Studded with vivid character sketches and evocative descriptions of the American landscape, journalist Judy Pasternak's scarifying account of uranium mining's disastrous consequences often reads like a novel — though you will wish that the bad guys got punished as effectively as they do in commercial fiction. Real life is complicated, and Pasternak, a veteran of 24 years with the
, does justice to the historical and ethical ambiguities of her tale while crafting a narrative of exemplary clarity.
The story she tells in "Yellow Dirt: An American Story of a Poisoned Land and a People Betrayed" is every bit as grim as the muckraking subtitle suggests, despite a few heartening developments sparked by Pasternak's prizewinning 2006 series of investigative articles in The Times. Her book expands on that series' exposé of the way private industry mined on Navajo land in the Four Corners region of the West, disregarding worker safety in a rush to meet the U.S. government's aggressive demand for uranium — first to build the atom bombs that ended
, then for the Cold War arms race.
When demand slackened in the 1960s, companies like the Vanadium Corporation of America closed the mines and returned the land to the Navajos, but by no means "in as good condition as received," as the tribe's 1943 contract with VCA specified. The corporation left behind piles of radioactive waste and abandoned pit mines that filled with water and became "lakes." The Navajo mixed cement from the sandy waste to build houses; cattle and people, including
women, drank from the contaminated lakes.
By 1960, medical studies indicated that the men who worked in the mines had elevated rates of cancer, especially
cancer. By 1981, researchers were concerned about increased numbers of miscarriages and
among Navajo women, higher than normal rates of cancer in Navajo teens and a mysterious condition called "Navajo neuropathy." Its young victims suffered liver damage, dimmed vision, fingers and toes that stiffened and fused together; most were dead by the age of 10. The entire community, not just miners, suffered from exposure to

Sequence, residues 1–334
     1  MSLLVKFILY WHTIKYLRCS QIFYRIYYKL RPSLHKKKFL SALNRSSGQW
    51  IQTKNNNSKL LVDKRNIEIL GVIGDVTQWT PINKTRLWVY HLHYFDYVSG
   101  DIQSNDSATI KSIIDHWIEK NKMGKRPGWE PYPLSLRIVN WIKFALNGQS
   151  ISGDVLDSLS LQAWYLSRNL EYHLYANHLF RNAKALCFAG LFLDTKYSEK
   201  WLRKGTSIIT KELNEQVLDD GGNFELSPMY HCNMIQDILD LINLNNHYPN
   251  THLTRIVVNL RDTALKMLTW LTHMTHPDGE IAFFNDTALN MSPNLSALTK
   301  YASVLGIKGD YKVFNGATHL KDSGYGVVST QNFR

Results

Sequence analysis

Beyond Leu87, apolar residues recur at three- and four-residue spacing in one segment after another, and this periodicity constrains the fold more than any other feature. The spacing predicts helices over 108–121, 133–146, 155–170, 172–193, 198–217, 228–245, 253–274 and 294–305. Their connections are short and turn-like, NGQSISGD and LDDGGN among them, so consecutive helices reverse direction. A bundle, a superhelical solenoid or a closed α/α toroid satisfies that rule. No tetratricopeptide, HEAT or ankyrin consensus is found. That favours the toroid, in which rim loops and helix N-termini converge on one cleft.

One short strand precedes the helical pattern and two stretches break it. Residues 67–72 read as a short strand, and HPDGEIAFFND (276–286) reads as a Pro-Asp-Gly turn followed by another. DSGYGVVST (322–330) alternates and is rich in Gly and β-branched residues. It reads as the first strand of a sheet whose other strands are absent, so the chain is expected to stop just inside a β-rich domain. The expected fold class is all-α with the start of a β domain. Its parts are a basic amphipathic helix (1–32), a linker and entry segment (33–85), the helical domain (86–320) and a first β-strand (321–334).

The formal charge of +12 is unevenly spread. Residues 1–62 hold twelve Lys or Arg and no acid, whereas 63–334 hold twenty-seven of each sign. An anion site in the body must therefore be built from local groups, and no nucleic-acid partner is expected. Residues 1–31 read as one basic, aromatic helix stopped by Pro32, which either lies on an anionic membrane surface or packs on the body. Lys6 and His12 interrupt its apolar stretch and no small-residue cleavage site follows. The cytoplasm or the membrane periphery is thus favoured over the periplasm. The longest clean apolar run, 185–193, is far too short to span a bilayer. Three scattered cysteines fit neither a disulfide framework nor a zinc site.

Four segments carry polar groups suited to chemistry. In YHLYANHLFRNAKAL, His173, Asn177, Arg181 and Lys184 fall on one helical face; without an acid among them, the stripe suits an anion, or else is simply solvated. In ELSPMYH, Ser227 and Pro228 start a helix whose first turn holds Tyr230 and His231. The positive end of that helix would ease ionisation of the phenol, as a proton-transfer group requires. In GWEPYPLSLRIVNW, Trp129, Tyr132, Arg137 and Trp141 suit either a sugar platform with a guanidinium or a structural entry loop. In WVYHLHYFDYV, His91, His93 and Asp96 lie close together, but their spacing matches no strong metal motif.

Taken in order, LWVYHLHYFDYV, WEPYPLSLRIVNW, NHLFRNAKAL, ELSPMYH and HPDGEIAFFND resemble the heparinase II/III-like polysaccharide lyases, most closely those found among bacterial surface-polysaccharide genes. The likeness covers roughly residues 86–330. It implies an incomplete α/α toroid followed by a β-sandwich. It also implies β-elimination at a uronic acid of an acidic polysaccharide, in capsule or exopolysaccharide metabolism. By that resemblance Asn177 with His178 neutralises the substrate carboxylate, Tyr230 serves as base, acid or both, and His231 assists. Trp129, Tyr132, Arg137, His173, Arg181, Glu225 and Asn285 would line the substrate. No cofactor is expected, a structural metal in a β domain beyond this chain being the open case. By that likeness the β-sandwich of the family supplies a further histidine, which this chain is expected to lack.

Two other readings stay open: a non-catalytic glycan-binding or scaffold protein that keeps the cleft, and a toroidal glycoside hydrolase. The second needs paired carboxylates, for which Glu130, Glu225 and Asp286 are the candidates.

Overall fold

(yellow dirt), the Navajo word for uranium.
As Pasternak reveals in shaming detail, public health officials had been warning about the health hazards of uranium mining and urging safeguards since 1948, only to be fired or muzzled by the Atomic Energy Commission. Once the results of this carelessness became impossible to deny by the late 1960s, a depressingly predictable saga ensued of buck-passing, stonewalling and official obfuscation.
Pasternak chronicles the whole sorry affair with a thoroughness and flair that won her manuscript the J. Anthony Lukas Work-in-Progress Award. Understanding that a human focus makes a vast disaster more accessible and understandable, she concentrates on four generations of a single family in Cane Valley, an area on the
border where VCA mined its richest uranium lode. Navajo patriarch Adakai adamantly opposed any plundering of Mother Earth; his son Luke led VCA to the ore; his granddaughter Juanita died of cancer at 59, convinced that
had killed her; his great-granddaughter Lorissa made a
, "Hear Our Voices," about the tribe's history with uranium and its ongoing impact.
"A family passed from instinctive dread to betrayal, from betrayal to unwitting destruction, from destruction to a modern understanding," writes Pasternak, stretching for a hint of redemption. This isn't terribly comforting, nor is the knowledge that the Navajos ultimately got some redress — after more than 30 years of lawsuits and increasingly desperate appeals for help. Pasternak's articles about their efforts prompted U.S. Rep.
(D-Beverly Hills, chair of the House Committee on Oversight and Government Reform) to hold hearings in 2007 that finally goaded the various federal agencies that had so scandalously neglected their regulatory duties to draft a five-year cleanup program and actually implement it.
No one who has read to this point in Pasternak's sorrowfully knowing book will be under any illusions that the program can wholly undo damage inflicted by decades of toxic pollution. But nuclear power is once again on the national energy agenda, uranium companies claim that new mining techniques are much safer, and a recent New Yorker article about a proposed uranium processing mill in
suggests that hard-up locals who need jobs are willing to believe them. "Yellow Dirt" sounds a cautionary note we still need to hear.